Anthology on Religious Freedom by Center of Ethics and Socio-Religiosity Studies Petra Christian University (PCU), Forthcoming
53 Pages Posted: 25 Sep 2015
Date Written: September 21, 2015
The United States has seen a shocking display of intolerance and repression of religious freedom and conscience in the last year, over a profound dispute as to the meaning of marriage, surrounding the controversy over so-called same-sex marriage (SSM). This conflict is simultaneously profound and yet full of ignorance, and has manifested itself in two areas of American law and politics. I address each as issues in this paper.
Issue I concerns the right of States’ citizens to adhere to a traditional, natural definition of marriage, as inherently the union of a man and a woman, in their States’ laws. In Obergefell v. Hodges, a slim five-four majority of the Supreme Court settled Issue I, at least for now, by imposing a right of SSM on all Fifty States, declaring it to be a fundamental right. Actually, Obergefell lacks solid Constitutional footing under either the Equal Protection or Due Process Clause to support it. Instead, a new right to self-identity (in sexuality), has sprouted into existence, which SCOTUS says calls for still another right, marriage, to vindicate this one.
In Obergefell, the majority trounced upon the rights of States and their citizens to continue to define marriage and its inherent limits for themselves, a view already supported by the same majority (and its chief spokesperson, Justice Kennedy) only two years earlier in the Windsor case. It is a switch reaching the heights of hypocrisy in this Court. SCOTUS also completely failed to address ideas for achieving equality for “same-sex couples” without redefining marriage (i.e., compromise solutions).
I include a short list (top 10) of Justice Kennedy’s and the majority’s worldview errors leading them to this incorrect result. It is a starting outline. In hindsight, Obergefell should prove one of the worst decisions in SCOTUS’ history. Instead of lessening social strife, it will significantly increase it, since the case imposed SSM outside of any democratic process, without specific, scientific, or legal support. Its imposition is really about the substitution of the majority Justices’ moral view for standing State law achieved in a valid voting process. It is not solid jurisprudence.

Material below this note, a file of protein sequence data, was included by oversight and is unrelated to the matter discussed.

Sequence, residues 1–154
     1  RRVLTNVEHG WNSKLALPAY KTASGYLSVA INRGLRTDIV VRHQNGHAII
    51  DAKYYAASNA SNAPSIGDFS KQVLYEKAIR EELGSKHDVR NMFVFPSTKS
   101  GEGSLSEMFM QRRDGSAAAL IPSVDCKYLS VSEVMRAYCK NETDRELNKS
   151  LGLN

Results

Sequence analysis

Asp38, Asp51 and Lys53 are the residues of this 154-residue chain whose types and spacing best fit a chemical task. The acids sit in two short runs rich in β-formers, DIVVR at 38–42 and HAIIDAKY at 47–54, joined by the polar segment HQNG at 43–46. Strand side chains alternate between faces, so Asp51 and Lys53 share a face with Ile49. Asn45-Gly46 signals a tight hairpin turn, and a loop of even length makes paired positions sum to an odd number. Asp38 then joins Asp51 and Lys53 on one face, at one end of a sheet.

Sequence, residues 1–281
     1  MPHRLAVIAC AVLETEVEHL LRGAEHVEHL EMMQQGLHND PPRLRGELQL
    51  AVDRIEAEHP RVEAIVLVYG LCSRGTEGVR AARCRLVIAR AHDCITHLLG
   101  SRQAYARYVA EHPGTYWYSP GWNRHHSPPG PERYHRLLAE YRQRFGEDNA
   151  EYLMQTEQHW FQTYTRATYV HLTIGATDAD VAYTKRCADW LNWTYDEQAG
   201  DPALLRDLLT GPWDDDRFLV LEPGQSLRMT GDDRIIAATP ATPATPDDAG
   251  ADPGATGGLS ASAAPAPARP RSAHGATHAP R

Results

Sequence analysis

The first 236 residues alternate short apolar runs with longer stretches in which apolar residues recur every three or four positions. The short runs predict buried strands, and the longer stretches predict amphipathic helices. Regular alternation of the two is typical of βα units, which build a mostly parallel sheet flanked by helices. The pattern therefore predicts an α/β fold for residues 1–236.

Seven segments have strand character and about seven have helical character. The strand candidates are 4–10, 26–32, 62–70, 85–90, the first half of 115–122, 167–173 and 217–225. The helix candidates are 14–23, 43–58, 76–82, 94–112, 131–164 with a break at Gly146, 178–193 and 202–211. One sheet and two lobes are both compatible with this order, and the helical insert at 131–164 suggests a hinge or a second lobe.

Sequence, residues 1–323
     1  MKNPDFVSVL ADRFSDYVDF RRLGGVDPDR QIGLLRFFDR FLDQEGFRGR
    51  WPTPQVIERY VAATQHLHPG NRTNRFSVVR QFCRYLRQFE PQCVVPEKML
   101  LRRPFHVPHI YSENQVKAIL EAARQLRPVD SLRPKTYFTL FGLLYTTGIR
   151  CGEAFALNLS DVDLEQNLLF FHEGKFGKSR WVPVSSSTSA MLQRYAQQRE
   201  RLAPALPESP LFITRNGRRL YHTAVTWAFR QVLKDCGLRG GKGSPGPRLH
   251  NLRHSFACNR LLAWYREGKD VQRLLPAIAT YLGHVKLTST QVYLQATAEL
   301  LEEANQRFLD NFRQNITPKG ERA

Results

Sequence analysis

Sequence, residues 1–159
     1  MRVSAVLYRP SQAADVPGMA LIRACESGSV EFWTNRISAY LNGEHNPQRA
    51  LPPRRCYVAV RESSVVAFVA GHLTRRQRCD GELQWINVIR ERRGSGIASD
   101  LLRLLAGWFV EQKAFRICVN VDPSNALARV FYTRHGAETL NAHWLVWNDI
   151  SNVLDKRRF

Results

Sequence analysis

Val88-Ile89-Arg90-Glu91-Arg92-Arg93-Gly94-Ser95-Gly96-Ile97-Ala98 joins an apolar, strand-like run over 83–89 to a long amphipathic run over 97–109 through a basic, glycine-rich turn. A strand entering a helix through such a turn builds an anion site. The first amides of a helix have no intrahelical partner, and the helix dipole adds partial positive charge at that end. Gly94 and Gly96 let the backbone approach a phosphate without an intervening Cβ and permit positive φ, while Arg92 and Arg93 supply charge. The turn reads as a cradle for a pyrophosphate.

I have included a section analyzing why adherence to a traditional, inherent view of marriage in the States is not a violation of the Establishment Clause, since this fallacy still has its lingering supporters. Even a “secular” view of marriage is in fact inherently religious, having its own ideological branding.
Issue II concerns the right of religious vendors, specifically in the wedding industry, to abstain from involvement in gay-celebrating events (like weddings), with their wares and services. Said events violate their sincere religious beliefs, and core teachings in their religions, as to the meaning of marriage and non-affirmance of homosexual activity. An incorrect argument raised by many LGBT activists says vendors seeking non-involvement in such events are discriminating against individuals because of their sexual orientation. Shallow assertions like this fail to portray what the issue is really about. It is about the definition of marriage, and not individuals’ sexual orientations. Still more shallow are claims conscientiously objecting vendors are hating bigots. It seems Justice Kennedy has slightly distanced himself from this second idea in Obergefell.
Several internationally known case studies of vendors are presented. The Hobby Lobby case, however, should allow religious vendors to abstain from ceremonies such as same-sex weddings. But this is speculative, given the Court’s current composition.
Appendices include a summary of Indonesia’s law, since this article is originally part of a symposium on religious liberty in Indonesia. Indonesia and much of the international community is not likely to accept SSM. Appendix-3 is a list of cases, laws, and has links to several current stories of specific vendors.
Keywords: same-sex marriage, secularism, religious liberty, weddings, vendors, constitution
JEL Classification: K12, K33, K42, M19
Suggested Citation: Suggested Citation
Talbot, Patrick, Same-Sex Marriage and Religious Liberty Clashes in the U.S., After Obergefell v. Hodges: (An American Constitutional Challenge) (September 21, 2015). Anthology on Religious Freedom by Center of Ethics and Socio-Religiosity Studies Petra Christian University (PCU), Forthcoming . Available at SSRN: https://ssrn.com/abstract=2664987